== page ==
Without promoting another formula (as if I would!!) as Christians it might be time for us to rediscover how to think Hebraically. This doesn’t mean converting to Judaism or beginning to adopt Jewish practices – but it does mean, as David Pawson puts it, being ‘de-greeced’ from our Greek influences. Steve Maltz’s books explain all this far better than I can and tie in with lots of what Ryan is talking about.

    • I think both mindsets have their strengths and weaknesses.
      One should try to understand as much as possible while accepting that certain things will always remain mysterious.

    • Seraphim Hamilton

      David, I vigorously reject your assertion. The assertion that the Church replaced the “Hebrew mind” with the “Greek mind” is about as trite (and false) as the idea that the deity of Jesus reflects a “Hellenization” of Christianity. You would do well to read the writings of the Desert Fathers and see how they cared to know God. You should also read the work of Skarsaune, Gavrilyuk, Lossky, and Zizioulas. This idea has been thoroughly critiqued and Patrologists are coming to understand just how deeply the Fathers transformed and Christianized the philosophers. Origen is the exception, and he has been regarded with extreme caution by most Christians ever since.

      • rjsm

        Hard to argue the idea that East and West view the world and language and theology from pretty different perspectives. I think David was saying the Western Church altered that Eastern worldview quite a bit, right?

        I wasn’t aware that the idea has been “thoroughly critiqued”, honestly. I’ll have to check out some of those works.

        • Seraphim Hamilton

          The use of the philosophers to expound Christian doctrine developed in the Eastern Church and was appropriated by the West- usually these sorts of critiques are directed at the Holy Fathers of the East- such as St. Maximus and St. Basil. I would argue that the medieval capitulation to Thomism represents a wholesale reception (rather than transformation) of the philosophers. Even so, it’s very important to note that in the 19th century, many Roman Catholic scholars came to believe that most of the Greek AND Latin Fathers had fallen into heresy and that this was repaired by Thomas. Check out Bradshaw’s “Aristotle East and West.” Too often, we equate “Thomas’ reading of Aristotle” with “Aristotle.” In fact, East and West have historically read Aristotle differently, and there was quite a lot of work on this question during the (little known) Byzantine Renaissance.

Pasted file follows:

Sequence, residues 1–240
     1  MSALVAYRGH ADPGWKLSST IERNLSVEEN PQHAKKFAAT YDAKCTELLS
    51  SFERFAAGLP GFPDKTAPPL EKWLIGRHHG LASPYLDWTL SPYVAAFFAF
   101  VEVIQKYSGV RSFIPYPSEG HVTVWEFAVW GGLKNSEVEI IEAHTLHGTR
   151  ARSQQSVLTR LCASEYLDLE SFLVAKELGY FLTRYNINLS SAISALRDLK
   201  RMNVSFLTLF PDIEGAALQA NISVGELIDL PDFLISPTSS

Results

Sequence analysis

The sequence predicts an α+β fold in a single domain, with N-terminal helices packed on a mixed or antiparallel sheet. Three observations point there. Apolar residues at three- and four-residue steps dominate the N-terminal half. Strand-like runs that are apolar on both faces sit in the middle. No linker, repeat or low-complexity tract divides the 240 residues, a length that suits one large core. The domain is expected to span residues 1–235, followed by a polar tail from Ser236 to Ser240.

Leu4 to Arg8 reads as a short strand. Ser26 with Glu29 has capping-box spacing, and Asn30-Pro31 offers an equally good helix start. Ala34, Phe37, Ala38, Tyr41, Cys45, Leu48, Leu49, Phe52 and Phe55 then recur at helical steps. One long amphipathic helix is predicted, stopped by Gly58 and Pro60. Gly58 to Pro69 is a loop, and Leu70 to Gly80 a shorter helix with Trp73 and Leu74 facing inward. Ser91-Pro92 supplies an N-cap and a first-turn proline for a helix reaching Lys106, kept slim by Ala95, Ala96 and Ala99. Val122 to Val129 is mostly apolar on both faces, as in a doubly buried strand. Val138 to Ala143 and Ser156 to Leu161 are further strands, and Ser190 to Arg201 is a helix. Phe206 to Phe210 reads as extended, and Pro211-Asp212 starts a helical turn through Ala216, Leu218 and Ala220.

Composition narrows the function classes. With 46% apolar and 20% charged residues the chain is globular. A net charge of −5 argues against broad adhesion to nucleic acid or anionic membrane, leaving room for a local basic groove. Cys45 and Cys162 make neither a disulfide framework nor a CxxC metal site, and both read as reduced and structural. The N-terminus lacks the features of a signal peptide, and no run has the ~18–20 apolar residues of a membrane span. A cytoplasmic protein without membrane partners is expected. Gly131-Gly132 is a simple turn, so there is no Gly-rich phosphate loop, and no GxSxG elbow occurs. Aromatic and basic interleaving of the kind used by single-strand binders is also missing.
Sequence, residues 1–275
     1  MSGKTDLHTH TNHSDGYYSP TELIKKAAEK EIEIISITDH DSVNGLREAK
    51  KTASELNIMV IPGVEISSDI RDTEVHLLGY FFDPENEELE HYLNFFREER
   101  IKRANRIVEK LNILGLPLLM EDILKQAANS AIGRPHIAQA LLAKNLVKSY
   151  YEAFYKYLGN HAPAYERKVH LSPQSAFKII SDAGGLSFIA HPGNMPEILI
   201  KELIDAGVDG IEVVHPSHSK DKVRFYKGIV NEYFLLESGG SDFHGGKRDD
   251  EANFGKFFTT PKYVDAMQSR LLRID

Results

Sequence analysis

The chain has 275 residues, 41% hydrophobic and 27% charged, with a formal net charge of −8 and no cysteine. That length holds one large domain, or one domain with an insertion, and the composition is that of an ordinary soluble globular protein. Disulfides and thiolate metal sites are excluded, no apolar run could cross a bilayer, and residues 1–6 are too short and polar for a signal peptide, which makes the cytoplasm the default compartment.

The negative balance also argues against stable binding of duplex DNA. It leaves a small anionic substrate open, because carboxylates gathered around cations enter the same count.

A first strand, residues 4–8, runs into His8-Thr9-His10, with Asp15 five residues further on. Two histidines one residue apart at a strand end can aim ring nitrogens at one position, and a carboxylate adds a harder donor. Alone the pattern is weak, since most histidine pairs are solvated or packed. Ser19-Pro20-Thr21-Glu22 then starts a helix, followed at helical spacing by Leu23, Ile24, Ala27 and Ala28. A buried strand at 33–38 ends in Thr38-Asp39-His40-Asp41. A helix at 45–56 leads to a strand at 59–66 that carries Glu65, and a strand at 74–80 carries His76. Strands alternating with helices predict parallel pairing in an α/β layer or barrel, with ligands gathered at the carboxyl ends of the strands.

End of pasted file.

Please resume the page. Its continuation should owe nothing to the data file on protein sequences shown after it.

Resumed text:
• Seraphim Hamilton

            Though we should remember that near the end of his life (on his way to the Council of Florence), Thomas had a direct encounter with God and proclaimed all of his work “worthless.” This is why the Summa was never finished. He then hit his head on a branch and died. Oh, how I wish Thomas had made it to the Council.

    • rjsm

      For what it’s worth, generally speaking, I agree with you David! Obviously there is a place for logic and reason but when we value it above all else, it gets pretty scary, pretty fast.

      Or as the pope recently said: “A religion without mysticism is just a philosophy.”

  • Ann Gingrow Corbett

    I ordered the book yesterday and just got a notice that it’s already shipped. I can’t wait to read it!

  • Sue

    Real Intelligence is tacit or intrinsically wordless living existence.

    Which is to point out that if you were really interested in what it takes to live life without any kind of formula you would have to throw away with both hands all of your Biblical and theological babble/babel.

    If you can breate, fully and deeply, and if your breath is consciously attuned, through feeling, to the tangible and infinite energy of the universe – only then can you love.
    If your attention is always free of obsession with your own atrocious thoughts, and reveries and memories and reactions – only then are you capable of genuine participation in life, even in the matters that might otherwise preoccupy you.
    If your living body is open, relaxed, fluid with feeling, supple and graceful in its action, and not bound up in a physically visible knot of tension and self-possession – only then can you live a truly effective and moral or relational life in this human realm.
    And – only then are you happy, and thus always good company to all beings

    • I agree that believing in Biblical inerrancy is morally, intellectually and spiritually harmful.

      But why should we give up all theological beliefs?

      Is the hope that there is a good God offering eternal life to everyone desiring Him a hurdle for fully living?